This day, in Provence, began with a 2km walk to the Utile (express supermarket) to get our daily provisions.
Mr J saw a snake and pointed it out just as this photograph was taken.
Afterwards, I was keen to go and explore more of this interesting village so we left the children at home, out of the heat and drove back to explore…
A 3m high, 1800m long wall completely surrounds the sweet little Provençal town of Caderousse.
The was built in 1856 to guard against flooding by the nearby Rhône.
Just beyond the barrier rail, in the direction of the arrow pointing towards Châteauneuf-du-Pape, lies the Rhône river.
Mr B and I took a walk all the way along the top of the wall; to get a bird’s eye view.
At 2pm, it was school time for the local children so there was no one in the park.
It’s interesting to note that French children go to school from 8.20am until 4.20pm, four days a week. They don’t have school on a Wednesday! They also have an hour-long lunch break every day and are allowed to go home for “dejeuner” (lunch). Some schools have canteens for kids to eat on site, if they wish.
There were a few spots, with benches, along the way, where we took a “petit pause” (little break) to stop and admire the view.
Big trees line the length of the wall, providing shade and greenery.
Peeking through the branches, over the tops of the roofs, we observed the gothic architecture of the Église Saint-Michel.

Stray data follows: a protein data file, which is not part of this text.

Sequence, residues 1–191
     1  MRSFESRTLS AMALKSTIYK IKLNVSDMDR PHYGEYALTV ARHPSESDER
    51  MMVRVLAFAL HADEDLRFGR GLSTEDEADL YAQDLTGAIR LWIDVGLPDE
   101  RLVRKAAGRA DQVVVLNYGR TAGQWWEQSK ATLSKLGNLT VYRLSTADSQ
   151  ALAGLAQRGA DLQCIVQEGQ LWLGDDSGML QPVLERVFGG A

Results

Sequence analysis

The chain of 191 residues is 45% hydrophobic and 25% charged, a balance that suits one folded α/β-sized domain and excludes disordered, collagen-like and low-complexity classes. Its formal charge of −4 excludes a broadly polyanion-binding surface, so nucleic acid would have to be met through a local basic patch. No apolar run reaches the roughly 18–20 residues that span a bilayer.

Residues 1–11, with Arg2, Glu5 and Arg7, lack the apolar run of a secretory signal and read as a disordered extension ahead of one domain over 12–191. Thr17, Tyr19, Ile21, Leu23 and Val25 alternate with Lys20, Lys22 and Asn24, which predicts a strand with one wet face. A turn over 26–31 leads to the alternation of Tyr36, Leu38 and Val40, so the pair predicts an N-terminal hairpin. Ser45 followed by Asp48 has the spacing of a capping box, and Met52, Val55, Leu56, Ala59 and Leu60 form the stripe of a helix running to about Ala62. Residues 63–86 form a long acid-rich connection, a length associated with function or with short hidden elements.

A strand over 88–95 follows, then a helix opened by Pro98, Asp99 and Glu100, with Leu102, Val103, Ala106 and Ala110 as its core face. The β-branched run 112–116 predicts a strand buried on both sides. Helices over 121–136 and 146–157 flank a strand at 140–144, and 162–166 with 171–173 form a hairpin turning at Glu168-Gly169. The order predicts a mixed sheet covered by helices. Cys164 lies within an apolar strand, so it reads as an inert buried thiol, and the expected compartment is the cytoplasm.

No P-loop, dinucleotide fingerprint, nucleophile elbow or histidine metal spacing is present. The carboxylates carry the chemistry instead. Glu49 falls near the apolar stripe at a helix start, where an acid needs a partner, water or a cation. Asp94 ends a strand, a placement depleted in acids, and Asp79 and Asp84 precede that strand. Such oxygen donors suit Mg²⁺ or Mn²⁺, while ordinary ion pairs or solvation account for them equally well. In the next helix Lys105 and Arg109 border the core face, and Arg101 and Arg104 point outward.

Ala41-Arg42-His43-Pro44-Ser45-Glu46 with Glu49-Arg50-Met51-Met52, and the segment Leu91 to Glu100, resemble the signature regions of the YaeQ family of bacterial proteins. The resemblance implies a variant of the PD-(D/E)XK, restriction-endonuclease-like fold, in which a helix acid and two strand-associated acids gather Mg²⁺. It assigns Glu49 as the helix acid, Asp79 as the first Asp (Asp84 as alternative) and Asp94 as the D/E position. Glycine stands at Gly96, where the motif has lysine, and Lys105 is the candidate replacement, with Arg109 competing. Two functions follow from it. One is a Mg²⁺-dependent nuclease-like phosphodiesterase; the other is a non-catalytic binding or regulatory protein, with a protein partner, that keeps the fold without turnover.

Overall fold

Traffic circles are planted with pretty flowers and bushes.
A few days earlier, at a traffic circle nearby, we saw a group of young ladies dressed up as princesses, one with a veil and a sign that read “future mariée” (bride-to-be). I made Mr B drive around the circle twice while I scratched for coins in his wallet to toss to her. The girls all squealed with delight and shouts of “Merci! Merci!” followed our van as we drove away. I shouted, “Bon Chance!” and then thought that (Good Luck!) is probably not the best expression to use when wishing someone well in marriage!
Bistros and brasseries are dotted along the interior, close to the entrance.
This quaint roadside bar opens in the evenings.
One can see that this town is well-tended and that a lot of work goes into making it so attractive!
This green van is a street-sweeper, cleaning the streets as it drives around. In some places we have seen a small vehicle used solely for the purpose of watering plants!
Later on, when it was cooler, we fetched the children for an evening bike ride.
Mr B led the way on foot while the rest of us followed on our “vélos” (bikes).
We passed though wheat fields singing our favourite musical numbers in true “Sound of Music” style.
To unwind, at the end of the day, at around 7.30pm – two hours before sunset! – it was time for a family swim.
A could get used to this!